Bible Commentary: Deuteronomy 11

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Deuteronomy 11

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A Choice to Make 

Moses continues impressing on the children of Israel the absolute necessity of obeying each and every one of God's commandments (verse 8) for God to bless them (verses 13-15, 23-25). If they love God with all their heart and soul, then they will carefully keep His commandments and walk in His ways, holding fast to Him (verses 1, 13, 22). After all, this is the love of God—“poured out in our hearts" (Romans 5:5) --“that we keep His commandments" (1 John 5:3; compare 2 John 6). However, we have a choice of whether to follow or to reject God, just as ancient Israel did. God set before them "a blessing and a curse: the blessing, if you obey the commandments of the Lord your God which I command you today; and the curse, if you do not obey the commandments of the Lord your God" (Deuteronomy 11:26-28).

God wants man to choose His way, which produces blessings (Deuteronomy 30:19), but He does not force man to do so. God created man for the purpose of developing godly character—outflowing, loving concern for others—which, by necessity, involves the voluntary decision of the individual to choose, and then act in accordance with, that right way. Otherwise, man would be nothing but a robot that does the right thing automatically without mind and conscience. But God, who is in the process of adding many children to His family, wants His future immortal sons and daughters to think and act like He does—and from eternity God has chosen to never veer from His loving nature. God expects all of us to choose His way of life too—and ultimately, once we are resurrected to incorruptible spirit with perfect godly character ourselves, we will maintain that right choice for eternity to come.

Verses 10-12 describe some agricultural practices of Egypt and Canaan, contrasting the way crops received necessary moisture. All crops in Egypt were supported by irrigation waters from the Nile. The expression relating to Egypt that the people "watered it by foot" refers to the opening or closing of water outlets that regulated flow in the canals that serviced the fields. Canaan, however, was a country without a single major river. The crops received water from the rain and the dew. God placed His people in a land in which the weather patterns were supposed to turn their minds and eyes to heaven, so they would recognize their dependence upon Him.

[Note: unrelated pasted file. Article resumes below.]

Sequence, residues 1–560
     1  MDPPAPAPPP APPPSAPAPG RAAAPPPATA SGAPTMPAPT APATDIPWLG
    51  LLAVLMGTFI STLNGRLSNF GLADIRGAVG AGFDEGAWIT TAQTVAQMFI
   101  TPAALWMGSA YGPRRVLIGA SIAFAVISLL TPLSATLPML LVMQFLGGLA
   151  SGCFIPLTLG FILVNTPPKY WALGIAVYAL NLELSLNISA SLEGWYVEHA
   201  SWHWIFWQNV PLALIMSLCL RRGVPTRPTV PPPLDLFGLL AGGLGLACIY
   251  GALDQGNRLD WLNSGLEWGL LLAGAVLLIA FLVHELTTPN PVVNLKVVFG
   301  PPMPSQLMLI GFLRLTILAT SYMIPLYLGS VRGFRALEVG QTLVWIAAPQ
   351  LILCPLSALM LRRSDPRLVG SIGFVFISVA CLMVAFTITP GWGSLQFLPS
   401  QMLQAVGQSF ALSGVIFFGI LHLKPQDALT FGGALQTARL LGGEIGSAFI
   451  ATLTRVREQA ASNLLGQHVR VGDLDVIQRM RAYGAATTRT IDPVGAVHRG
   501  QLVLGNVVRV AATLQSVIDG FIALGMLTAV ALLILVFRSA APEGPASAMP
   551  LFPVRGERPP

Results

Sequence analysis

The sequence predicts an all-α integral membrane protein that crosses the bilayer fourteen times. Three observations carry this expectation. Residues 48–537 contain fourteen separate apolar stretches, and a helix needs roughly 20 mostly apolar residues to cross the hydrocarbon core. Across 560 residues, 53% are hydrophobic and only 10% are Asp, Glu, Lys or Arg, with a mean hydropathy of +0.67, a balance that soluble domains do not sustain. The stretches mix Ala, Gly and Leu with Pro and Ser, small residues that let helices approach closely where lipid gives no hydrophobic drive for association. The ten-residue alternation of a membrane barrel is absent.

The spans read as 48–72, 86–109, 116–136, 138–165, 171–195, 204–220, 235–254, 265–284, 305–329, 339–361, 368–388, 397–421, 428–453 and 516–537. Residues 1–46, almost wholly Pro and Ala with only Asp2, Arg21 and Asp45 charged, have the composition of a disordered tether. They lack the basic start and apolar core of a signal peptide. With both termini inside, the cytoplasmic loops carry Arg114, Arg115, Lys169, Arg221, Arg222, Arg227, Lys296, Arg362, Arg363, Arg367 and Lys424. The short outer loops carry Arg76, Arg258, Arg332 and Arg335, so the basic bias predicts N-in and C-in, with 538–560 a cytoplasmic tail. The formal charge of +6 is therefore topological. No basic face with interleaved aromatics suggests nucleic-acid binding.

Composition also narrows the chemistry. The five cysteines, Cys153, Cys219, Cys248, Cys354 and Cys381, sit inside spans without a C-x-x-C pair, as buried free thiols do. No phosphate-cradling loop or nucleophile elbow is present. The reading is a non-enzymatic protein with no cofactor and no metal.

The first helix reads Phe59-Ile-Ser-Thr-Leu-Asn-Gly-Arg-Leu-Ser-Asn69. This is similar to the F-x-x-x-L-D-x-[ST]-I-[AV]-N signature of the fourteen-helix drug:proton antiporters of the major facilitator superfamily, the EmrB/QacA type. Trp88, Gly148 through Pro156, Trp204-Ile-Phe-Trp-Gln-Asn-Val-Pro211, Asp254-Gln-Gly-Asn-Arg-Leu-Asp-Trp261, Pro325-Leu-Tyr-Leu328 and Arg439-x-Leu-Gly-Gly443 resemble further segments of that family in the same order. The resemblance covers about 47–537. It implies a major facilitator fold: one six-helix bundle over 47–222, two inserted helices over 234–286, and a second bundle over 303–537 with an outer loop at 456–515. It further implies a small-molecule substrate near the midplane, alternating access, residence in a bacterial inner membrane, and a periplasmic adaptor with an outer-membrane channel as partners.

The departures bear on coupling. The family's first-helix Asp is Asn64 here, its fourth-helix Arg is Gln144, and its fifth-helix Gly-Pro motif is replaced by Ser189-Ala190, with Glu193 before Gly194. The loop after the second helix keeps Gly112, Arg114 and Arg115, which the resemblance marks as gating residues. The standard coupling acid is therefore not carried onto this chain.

Indeed, God paints a refreshing picture here and on through verse 14. The Israelites were headed for a land "which drinks water from the rain of heaven...a land for which the Lord your God cares; the eyes of the Lord your God are always on it, from the beginning of the year to the very end of the year.... I will give you rain for your land in its season, the early rain and the latter rain...." It should be noted that the land of Israel is not the same today as it was in the time of Moses. A rich land of milk and honey, the Holy Land was then lush and green—more heavily forested with large areas of good pasturage and fertile soil for crops. Of course, the Promised Land was a physical type of the wonderful blessings of the coming Kingdom of God, which will be established over all nations.